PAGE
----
Another important indicator of WC-Co samples is fracture toughness. The fracture toughness of BJAM samples can reach 17 MPa m1/2 [78], and even samples with fracture toughness of about 25 MPa m1/2 have been prepared [77, 138]. The fracture toughness of the sample prepared by SEBM is 13 MPa m1/2, but the author believes that this value cannot reflect the true fracture toughness of the sample, for the fracture toughness can reach 20 MPa m1/2 when calculated based on the cracks perpendicular to the WC layer [41].

The performance of 3DGP samples is mainly affected by the solid content of the slurry. A high solids content results in high density and hardness. The WC-20Co sample prepared with 56 vol% solid content slurry can obtain a relative density of 99.93% and a hardness of 87.7 HRA. The 47 vol% solids sample had a relative density of 88.58% and a hardness of 84.5 HRA [63].

An effective method to improve the mechanical properties of WC-Co samples is to reduce the WC grain size [10]. Because the resulting WC crystallite size largely depends on the initial one, WC-Co nano powders have attracted attention [75]. The WC grain size in the sample prepared from the nanostructured powder can reach 180 ± 50 nm, which is much smaller than the 330 ± 100 nm in conventional powder manufacturing samples [69]. Small grain size can bring high hardness and high wear resistance, but low toughness [31, 78]. The hardness of the nano-powder manufacturing sample can reach 2500 HV0.05, which is much higher than the 1550 HV0.05 of the conventional sample. In addition, the wear rate of the conventional sample was 1.3 times that of the nano-powder manufacturing sample. The fracture toughness of the nano powder sample is only 6.9 MPa m1/2, which is lower than the 8.9 MPa m1/2 of the conventional powder sample [31].

In summary, it can be seen that the SDS WC-Co samples (3DGP, BJAM, FFF) are easier to obtain high density, hardness similar to samples prepared by conventional methods, and the fracture toughness are excellent, while the selective melting (SM) samples (SLM, SEBM) have higher hardness but lower toughness. This is due to the uneven heat distribution of the selective melting process, especially in SLM, which leads to the evaporation of Co and the formation of ternary phases, both of which can make the sample hard and brittle. Cracks and uneven microstructures further reduce the toughness of the sample. The mechanical properties of all reported AMed WC-Co hardmetal samples are listed in Table 4.

Table 4 Mechanical properties of additively manufactured WC-Co hardmetal samples

Summary

In this paper, the current status of additive manufacturing of WC-Co hardmetals is reviewed. The advantages and disadvantages of different AM processes used for producing WC-Co parts, including selective laser melting (SLM), selective electron beam melting (SEBM), binder jet additive manufacturing (BJAM), 3D gel-printing (3DGP), and fused filament fabrication (FFF) are discussed. The studies on microstructures, defects, and mechanical properties of WC-Co parts manufactured by different AM processes are reviewed. The main findings are summarized below:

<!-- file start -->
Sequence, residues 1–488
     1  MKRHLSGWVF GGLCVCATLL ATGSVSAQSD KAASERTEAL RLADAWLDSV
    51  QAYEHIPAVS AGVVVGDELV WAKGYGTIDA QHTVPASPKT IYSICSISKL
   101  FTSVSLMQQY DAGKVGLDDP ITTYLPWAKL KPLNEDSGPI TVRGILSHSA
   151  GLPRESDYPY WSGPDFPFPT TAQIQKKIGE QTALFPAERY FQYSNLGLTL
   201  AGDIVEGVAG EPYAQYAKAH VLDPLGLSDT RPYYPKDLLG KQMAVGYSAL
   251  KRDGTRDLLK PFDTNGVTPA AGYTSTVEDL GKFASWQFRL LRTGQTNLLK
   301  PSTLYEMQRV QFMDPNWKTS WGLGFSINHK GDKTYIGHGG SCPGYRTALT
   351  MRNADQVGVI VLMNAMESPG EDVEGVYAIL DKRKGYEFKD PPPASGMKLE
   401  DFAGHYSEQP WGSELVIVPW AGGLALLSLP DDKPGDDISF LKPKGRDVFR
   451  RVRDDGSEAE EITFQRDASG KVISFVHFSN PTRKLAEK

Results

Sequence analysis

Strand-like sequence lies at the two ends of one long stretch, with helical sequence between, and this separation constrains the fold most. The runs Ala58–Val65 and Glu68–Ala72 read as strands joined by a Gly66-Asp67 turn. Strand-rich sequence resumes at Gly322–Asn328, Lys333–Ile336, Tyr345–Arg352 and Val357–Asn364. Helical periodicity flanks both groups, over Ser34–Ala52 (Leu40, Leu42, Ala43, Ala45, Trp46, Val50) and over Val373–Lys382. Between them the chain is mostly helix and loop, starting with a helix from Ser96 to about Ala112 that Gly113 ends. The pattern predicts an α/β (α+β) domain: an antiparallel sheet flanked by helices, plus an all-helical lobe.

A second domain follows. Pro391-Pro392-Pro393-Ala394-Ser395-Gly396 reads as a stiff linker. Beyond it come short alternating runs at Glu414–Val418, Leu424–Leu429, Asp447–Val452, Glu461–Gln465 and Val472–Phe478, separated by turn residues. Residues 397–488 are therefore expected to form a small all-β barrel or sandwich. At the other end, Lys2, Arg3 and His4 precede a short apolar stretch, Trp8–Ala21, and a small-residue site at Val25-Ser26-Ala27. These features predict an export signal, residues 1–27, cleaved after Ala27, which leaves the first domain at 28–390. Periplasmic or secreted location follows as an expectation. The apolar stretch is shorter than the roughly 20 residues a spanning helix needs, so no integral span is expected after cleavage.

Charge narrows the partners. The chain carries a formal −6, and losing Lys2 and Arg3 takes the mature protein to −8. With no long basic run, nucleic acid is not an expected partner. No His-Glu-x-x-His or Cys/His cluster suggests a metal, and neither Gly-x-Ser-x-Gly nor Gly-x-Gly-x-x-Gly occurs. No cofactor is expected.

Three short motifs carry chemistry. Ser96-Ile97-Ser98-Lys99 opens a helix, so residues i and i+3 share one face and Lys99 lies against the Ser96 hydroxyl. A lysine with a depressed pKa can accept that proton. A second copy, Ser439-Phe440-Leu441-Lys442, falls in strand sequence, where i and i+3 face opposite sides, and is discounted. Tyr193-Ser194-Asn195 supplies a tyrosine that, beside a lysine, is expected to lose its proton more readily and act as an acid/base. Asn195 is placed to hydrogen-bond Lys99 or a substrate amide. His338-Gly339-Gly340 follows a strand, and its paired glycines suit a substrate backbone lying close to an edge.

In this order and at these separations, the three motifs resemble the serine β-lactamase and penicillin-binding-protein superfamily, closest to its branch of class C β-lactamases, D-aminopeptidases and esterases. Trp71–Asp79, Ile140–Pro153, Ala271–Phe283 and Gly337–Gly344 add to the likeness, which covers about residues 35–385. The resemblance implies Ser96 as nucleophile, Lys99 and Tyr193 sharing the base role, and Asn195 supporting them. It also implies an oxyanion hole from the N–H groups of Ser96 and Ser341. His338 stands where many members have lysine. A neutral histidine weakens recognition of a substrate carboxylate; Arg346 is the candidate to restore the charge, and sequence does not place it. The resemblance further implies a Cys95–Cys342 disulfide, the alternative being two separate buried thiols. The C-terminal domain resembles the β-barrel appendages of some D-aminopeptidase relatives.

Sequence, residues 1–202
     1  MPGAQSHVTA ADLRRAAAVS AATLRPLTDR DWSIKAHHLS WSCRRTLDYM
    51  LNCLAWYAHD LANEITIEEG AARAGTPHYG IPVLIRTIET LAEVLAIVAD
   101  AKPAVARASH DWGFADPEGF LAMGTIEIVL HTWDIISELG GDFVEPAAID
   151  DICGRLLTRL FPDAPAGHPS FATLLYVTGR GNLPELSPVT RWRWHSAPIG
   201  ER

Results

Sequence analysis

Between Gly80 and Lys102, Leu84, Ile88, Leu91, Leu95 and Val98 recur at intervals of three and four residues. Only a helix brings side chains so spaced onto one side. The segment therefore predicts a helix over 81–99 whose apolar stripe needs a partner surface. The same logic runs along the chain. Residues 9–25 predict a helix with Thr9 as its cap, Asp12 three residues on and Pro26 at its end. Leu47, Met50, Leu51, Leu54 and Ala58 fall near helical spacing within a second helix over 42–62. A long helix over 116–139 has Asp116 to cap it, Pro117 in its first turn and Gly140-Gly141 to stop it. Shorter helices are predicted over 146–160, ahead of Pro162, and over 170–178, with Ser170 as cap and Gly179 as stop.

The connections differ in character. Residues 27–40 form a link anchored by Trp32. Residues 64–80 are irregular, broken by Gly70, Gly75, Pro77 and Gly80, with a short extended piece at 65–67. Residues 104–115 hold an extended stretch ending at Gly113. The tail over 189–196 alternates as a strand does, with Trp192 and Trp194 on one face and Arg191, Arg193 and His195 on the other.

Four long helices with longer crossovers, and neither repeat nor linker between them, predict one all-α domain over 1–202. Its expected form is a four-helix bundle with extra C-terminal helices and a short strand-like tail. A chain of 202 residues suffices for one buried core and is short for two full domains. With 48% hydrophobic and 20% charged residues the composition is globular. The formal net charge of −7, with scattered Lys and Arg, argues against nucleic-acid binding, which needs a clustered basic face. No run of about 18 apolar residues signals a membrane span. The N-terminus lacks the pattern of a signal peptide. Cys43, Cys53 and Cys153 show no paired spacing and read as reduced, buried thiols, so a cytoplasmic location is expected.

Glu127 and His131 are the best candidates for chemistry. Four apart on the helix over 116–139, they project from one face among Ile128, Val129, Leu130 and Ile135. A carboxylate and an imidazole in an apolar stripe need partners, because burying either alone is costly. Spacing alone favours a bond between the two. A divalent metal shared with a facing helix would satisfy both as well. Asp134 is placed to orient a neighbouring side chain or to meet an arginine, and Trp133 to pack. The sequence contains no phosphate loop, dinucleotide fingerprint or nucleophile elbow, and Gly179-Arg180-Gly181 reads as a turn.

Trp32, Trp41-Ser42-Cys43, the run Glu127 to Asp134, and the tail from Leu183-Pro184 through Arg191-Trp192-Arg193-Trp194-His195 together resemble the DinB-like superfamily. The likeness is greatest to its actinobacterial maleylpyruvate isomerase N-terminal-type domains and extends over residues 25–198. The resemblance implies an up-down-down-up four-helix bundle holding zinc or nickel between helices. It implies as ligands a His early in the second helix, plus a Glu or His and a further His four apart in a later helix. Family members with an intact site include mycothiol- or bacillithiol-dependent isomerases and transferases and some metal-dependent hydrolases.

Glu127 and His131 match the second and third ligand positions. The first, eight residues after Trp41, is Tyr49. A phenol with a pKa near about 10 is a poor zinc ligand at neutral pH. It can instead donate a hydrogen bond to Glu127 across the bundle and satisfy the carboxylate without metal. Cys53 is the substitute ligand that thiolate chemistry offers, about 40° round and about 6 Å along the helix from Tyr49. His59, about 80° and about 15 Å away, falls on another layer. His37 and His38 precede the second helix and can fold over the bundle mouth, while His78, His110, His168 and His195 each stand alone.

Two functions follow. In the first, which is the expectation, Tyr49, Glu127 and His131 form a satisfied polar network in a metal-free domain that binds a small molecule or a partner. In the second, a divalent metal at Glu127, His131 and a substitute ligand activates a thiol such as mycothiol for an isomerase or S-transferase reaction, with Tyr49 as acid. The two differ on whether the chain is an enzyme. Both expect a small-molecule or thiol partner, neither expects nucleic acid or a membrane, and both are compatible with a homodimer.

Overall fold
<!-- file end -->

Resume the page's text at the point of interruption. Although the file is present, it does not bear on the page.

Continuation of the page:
1. (1)

    The properties of WC-Co samples are related to WC particle size and Co content [13,14,15,16]. The samples with high Co content have fewer defects, but too much Co can damage the mechanical properties of the samples. The reduction of the square root of WC particle size is linearly related to the increase in the wear resistance of the sample [15].

  2. (2)

    Due to the uneven energy distribution, the microstructure of the SLM and SEBM WC-Co samples is also inhomogeneous [41, 70]. Because of the layer-by-layer printing process, the sample showed a layered structure with alternating coarse and fine grain layers [41, 65].

  3. (3)

    In the SLM process, too high-energy density will cause Co evaporation and carbon loss, making the sample brittle [73, 74, 82, 83, 116]. Cracks occur under the effect of thermal stress [80]. When the energy density is low, the melting time of Co is insufficient to fill the pores, and the porosity of the sample is high [109].

  4. (4)

    The main defect in the SEBM WC-Co sample are pores, which has a minimum under the appropriate combination of scan rate and electron beam current. Pores in the sample can be eliminated by HIP sintering [41].

  5. (5)

    During BJAM, the WC-Co samples will shrink [78, 79]. Co content in the sample decreases with increasing height, and lower Co content led to the more favorable formation of the brittle η phase [77], which is detrimental to mechanical properties of WC-Co samples.

  6. (6)

    In WC-Co samples manufactured by BJAM, porosity is related to sintering temperature, infiltration time, and amount of Co for infiltration [76, 78].